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Poster C11, Thursday, November 9, 10:00 – 11:15 am, Harborview and Loch Raven Ballrooms

The time-course of statistical learning in patients with left hemisphere stroke

Kathryn D. Schuler1,2, Mackenzie E. Fama1,2, Peter E. Turkeltaub1,2, Elissa L. Newport1,2;1Georgetown University, 2Center for Brain Plasticity and Recovery

A fundamental aspect of learning involves extracting patterns from the environment via statistical learning (Saffran, Aslin & Newport, 1996). Research investigating the neural correlates of this mechanism for language suggests that the left inferior frontal gyrus, left arcuate fasciculus, and bilateral caudate/putamen may underlie this process (Karuza et al, 2013). Recent work suggests that damage to some of these left hemisphere (LH) language areas from stroke results in diminished ability to perform on statistical language learning tasks (Fama et al, 2015). Importantly, this prior study demonstrated impairment in the outcome of learning, via behavioral measures after exposure. Here, we ask whether the learning process (i.e. the computation of these statistics) is itself impaired. In addition, we ask whether damage to LH language areas will also impair non-linguistic statistical learning. To address these questions we developed a serial reaction time (SRT) task that was an exact analog of the original word-segmentation experiment, allowing us to assess statistical learning of nonlinguistic sequence learning via on-line RT measures as well as in the traditional post-exposure test. In the original word-segmentation experiment, learners acquired the groupings of syllables into words from a stream of speech by computing transitional probabilities (TPs) between syllables (Saffran et al., 1996). Within words, TPs between syllables were high, whereas TPs across word boundaries were low. In our SRT paradigm, sequences of syllables were converted into sequences of locations on a touch screen. Participants were asked to touch a mole that moved from one location to the next as quickly and accurately as possible. Unbeknown to the participants, the mole in this task moves in a pattern in which, across the exposure period, the probability of movement for some transitions is high (1.0) and for others is low (0.33). Learning these patterns is measured by comparing reaction times (RTs) to high probability transitions versus to low probability transitions over the course of the exposure. After exposure, learners performed the traditional post-test assessment of learning, rating sequences that occurred during exposure (high and low probability) and sequences that did not occur during exposure. Participants were fifteen patients with LH stroke (mean age=58.677.93) and 13 age-matched controls (mean age=65.237.92). Consistent with previous findings, post-test results demonstrated impaired learning in patients: controls distinguished exposure sequences from those not presented during exposure; patients did not make this distinction. However, during learning, all participants extracted the underlying regularities, showing faster RTs for high probability than low probability transitions (estimate =-58.72ms, se=6.43, p<0.001). Patients exhibited slower RTs overall (estimate=59.72ms, se=24.51, p<0.05), but there was no effect of participant group on learning overall (estimate=4.39ms, se=8.66, p=0.63) or on any part of the learning curve (p>0.05). Our findings suggest that an implicit RT task provides a sensitive measure of residual statistical learning abilities in patient populations. Patients with LH stroke retain the ability to compute language-like statistics during learning, at least for non-linguistic stimuli. Perhaps while recognition of previously learned statistical regularities is impaired in patients after LH stroke, the computation of underlying statistics during learning may remain.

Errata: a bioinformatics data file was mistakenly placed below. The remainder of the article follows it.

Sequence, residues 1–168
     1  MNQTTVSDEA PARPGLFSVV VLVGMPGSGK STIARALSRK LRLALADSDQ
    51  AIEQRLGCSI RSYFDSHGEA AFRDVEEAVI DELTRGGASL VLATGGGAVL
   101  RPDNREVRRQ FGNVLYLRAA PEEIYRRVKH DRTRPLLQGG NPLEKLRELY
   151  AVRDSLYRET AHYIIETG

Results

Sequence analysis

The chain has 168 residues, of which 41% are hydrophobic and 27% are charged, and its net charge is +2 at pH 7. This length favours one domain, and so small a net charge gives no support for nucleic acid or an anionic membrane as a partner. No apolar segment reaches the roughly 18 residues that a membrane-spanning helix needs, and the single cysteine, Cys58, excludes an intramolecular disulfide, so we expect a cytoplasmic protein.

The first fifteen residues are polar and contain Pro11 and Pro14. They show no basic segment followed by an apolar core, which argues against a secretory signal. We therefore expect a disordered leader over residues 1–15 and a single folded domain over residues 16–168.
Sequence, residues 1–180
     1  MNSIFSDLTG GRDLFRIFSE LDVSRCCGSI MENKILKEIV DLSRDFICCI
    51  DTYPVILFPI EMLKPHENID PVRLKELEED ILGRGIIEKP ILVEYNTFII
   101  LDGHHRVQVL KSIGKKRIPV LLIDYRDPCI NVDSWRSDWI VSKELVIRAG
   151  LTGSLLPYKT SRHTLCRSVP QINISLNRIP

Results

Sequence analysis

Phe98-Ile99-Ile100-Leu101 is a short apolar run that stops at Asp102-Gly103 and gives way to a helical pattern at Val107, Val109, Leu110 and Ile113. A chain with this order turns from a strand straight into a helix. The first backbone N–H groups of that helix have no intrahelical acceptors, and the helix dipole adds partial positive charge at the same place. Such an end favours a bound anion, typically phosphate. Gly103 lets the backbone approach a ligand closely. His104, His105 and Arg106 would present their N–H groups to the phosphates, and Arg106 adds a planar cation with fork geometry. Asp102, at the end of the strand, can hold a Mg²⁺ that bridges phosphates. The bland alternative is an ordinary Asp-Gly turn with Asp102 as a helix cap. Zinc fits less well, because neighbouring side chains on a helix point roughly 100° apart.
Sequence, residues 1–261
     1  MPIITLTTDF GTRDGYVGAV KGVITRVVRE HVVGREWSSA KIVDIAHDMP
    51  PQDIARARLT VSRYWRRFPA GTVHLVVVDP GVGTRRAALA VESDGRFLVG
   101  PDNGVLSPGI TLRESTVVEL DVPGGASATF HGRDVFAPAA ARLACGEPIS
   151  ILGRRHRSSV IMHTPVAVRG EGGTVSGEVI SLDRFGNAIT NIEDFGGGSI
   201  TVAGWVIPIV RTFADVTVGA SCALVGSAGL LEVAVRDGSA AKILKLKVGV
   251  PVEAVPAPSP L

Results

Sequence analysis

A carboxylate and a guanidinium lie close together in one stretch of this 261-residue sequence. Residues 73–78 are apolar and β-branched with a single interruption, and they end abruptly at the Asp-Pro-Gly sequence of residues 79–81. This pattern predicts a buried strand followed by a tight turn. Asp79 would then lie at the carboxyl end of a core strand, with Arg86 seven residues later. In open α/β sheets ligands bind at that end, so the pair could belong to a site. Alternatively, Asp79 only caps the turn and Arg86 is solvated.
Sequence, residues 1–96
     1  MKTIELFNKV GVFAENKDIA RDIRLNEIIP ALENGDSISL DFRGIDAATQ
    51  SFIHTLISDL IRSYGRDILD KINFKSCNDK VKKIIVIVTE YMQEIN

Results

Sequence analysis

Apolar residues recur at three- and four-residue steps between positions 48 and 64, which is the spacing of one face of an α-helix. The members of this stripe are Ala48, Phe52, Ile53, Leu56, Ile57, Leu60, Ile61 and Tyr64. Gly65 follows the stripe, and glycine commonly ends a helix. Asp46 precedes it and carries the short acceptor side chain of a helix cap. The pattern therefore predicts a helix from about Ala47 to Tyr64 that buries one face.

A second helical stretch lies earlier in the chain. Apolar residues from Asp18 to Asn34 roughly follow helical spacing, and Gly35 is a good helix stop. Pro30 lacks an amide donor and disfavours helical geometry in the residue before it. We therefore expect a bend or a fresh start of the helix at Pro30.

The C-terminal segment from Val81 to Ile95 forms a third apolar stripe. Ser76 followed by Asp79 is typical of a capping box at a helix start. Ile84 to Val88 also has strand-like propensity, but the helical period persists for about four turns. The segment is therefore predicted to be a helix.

Topic Area: Grammar: Syntax

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